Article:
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Age-Level Insights - News

Paul White, Ph.D.

From: September/October 1992 Children's Ministry Magazine
Keywords: News Insights

AGE
2 to 4 years

HOW CHILDREN REACT TO THE NEWS
When preschoolers overhear stories or see TV news reports that are frightening, they think whatever has happened to someone else will happen to them, too. They also can't discriminate between regular TV shows and the news. If children's parents or you show concern or anxiety, children may also become fearful. Children who don't express their fears may suffer nightmares, headaches and stomachaches.

HOW TO RESPOND
Caution children's parents not to watch television news with graphic violence or fear-producing scenes during meals or in the early evening. Express any anxiety and fears away from children. Reassure children by holding and hugging them. Tell them that whatever took place is unlikely to happen to them.

AGE
5 and 6 years

HOW CHILDREN REACT TO THE NEWS
Children want to know how outside events affect them and their families. For example, if a child sees news about people losing their jobs, that child may fear Dad will lose his job and the family will have to move out on the street. TV violence or people getting hurt on television frightens and upsets children. What's real or fantasy is blurry.

HOW TO RESPOND
Children may want to know if something bad is going to happen to them or someone they know. Don't belittle their fears. Allow children to express their concerns before you rush to give assurance. Clarify the risks. For example, say, "Yes, some people are losing their jobs, but not your mom or dad. Even if they do, God will take care of you."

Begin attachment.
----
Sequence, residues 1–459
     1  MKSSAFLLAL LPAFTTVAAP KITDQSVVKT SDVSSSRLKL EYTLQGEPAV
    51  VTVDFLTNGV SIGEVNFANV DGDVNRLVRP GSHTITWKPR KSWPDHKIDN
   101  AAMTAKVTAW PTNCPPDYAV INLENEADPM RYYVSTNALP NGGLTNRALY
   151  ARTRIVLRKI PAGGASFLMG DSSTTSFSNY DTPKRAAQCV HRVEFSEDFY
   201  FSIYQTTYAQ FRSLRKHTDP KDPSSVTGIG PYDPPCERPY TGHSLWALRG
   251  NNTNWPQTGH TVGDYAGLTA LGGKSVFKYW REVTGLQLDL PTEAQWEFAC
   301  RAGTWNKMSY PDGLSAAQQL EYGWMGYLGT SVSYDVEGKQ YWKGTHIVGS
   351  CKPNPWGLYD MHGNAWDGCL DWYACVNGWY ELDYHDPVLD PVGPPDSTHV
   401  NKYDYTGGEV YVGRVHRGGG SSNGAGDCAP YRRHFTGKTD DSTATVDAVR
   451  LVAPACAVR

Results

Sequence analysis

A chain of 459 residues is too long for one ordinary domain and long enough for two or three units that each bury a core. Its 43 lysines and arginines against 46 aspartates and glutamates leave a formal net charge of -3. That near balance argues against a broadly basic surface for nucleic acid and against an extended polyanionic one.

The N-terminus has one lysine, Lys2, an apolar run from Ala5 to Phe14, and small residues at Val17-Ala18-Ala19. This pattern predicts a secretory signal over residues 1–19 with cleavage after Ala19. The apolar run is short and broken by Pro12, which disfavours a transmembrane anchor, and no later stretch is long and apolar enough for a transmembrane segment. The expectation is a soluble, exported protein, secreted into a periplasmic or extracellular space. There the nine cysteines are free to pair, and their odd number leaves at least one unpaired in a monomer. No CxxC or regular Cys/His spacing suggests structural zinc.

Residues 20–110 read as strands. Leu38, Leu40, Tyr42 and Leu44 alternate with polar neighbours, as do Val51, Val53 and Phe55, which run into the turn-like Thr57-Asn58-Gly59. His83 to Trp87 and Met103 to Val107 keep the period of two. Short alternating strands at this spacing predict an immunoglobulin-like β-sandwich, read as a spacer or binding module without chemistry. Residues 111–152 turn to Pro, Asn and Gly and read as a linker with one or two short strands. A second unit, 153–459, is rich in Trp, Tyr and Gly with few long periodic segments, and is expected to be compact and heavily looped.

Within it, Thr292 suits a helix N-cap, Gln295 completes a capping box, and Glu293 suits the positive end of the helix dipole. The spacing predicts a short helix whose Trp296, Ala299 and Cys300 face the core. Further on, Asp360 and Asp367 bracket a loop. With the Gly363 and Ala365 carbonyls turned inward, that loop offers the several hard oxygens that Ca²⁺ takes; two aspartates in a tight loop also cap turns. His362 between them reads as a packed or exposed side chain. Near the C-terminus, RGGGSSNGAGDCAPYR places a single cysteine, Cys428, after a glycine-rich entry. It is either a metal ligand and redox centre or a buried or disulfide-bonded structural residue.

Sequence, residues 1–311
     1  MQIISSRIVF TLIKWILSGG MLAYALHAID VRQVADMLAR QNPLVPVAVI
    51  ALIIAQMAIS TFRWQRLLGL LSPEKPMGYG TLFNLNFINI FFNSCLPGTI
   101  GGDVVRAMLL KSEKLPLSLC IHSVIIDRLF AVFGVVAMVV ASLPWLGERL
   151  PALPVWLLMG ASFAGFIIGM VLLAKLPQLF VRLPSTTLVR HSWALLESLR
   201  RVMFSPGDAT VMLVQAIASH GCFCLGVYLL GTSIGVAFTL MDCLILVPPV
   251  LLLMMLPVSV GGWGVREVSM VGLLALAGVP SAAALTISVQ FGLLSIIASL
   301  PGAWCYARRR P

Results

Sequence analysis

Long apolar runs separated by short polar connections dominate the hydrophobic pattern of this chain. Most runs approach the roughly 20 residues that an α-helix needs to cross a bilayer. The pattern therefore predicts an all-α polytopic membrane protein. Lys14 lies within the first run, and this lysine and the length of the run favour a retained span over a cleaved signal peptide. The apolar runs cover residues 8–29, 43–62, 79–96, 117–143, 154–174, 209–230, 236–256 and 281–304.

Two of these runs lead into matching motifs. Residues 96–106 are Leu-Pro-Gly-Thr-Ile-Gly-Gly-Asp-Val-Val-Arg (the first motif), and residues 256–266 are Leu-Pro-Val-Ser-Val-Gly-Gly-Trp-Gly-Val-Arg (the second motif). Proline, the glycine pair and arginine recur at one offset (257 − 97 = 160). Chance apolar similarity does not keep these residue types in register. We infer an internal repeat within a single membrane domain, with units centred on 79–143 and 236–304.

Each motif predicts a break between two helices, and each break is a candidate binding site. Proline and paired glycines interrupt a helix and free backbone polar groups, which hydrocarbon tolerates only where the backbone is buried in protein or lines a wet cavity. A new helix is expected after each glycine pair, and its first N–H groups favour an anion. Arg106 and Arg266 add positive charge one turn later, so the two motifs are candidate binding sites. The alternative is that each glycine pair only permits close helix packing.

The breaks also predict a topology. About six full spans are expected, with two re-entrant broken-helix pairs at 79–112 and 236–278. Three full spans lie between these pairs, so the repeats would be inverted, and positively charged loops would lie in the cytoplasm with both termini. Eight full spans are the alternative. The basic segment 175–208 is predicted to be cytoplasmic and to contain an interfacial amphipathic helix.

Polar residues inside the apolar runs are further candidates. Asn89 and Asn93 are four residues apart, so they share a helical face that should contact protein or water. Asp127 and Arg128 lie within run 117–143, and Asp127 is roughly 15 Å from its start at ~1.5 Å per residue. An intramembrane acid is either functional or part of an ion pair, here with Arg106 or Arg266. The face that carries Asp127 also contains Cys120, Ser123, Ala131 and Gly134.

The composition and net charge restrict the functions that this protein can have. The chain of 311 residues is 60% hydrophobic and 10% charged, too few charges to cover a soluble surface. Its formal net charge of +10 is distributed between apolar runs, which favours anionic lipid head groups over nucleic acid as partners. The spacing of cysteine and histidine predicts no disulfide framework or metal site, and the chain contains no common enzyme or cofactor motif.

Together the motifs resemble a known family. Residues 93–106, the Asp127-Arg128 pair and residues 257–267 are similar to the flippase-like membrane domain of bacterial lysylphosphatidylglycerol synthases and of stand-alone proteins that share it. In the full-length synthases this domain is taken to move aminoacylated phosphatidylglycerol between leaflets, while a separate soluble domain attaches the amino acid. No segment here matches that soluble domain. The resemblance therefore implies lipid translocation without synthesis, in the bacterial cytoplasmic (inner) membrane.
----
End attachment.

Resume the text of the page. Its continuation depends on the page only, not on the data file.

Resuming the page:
AGE
7 to 10 years

HOW CHILDREN RESPOND TO THE NEWS
At this age, children are interested in news about the world around them. They may question news that relates to crime in their cities, decisions about their schools and even government elections. Children may ask questions "just to know." News unrelated to children's lives may at first bring reactions from them. But they'll lose interest as soon as they realize the news doesn't impact their daily lives.

HOW TO RESPOND
Explain the news simply. If they're upset about an event that occurred across the world, point out on a globe where they live and where the event occurred. If the event is close to home, reassure them that their parents will protect them. Discuss possible practical actions they could take to protect themselves. Answer their questions starting at a basic, simple level. If children want to know more, they'll ask more questions.

AGE
11 and 12 years

HOW CHILDREN RESPOND TO THE NEWS
Older children better understand events that don't relate to them. They also begin to understand long-term implications of events, such as environmental issues. But they still view these issues in a simplistic, right-or-wrong way and don't understand the complexities of these issues.

HOW TO RESPOND
Be honest. Don't hide the truth. You lose your credibility when children find out you're not truthful. If an environmental issue comes up, for example, present all of the relevant facts pertinent to the issue. Then calmly discuss the event and its implications for the children directly and indirectly. Remind children of God's control and sovereignty in the world. This may, however, lead to an interesting discussion of why God allows evil, pain and bad things to happen to people. Be prepared.

Paul White, Ph.D. is a child and family therapist in Kansas.

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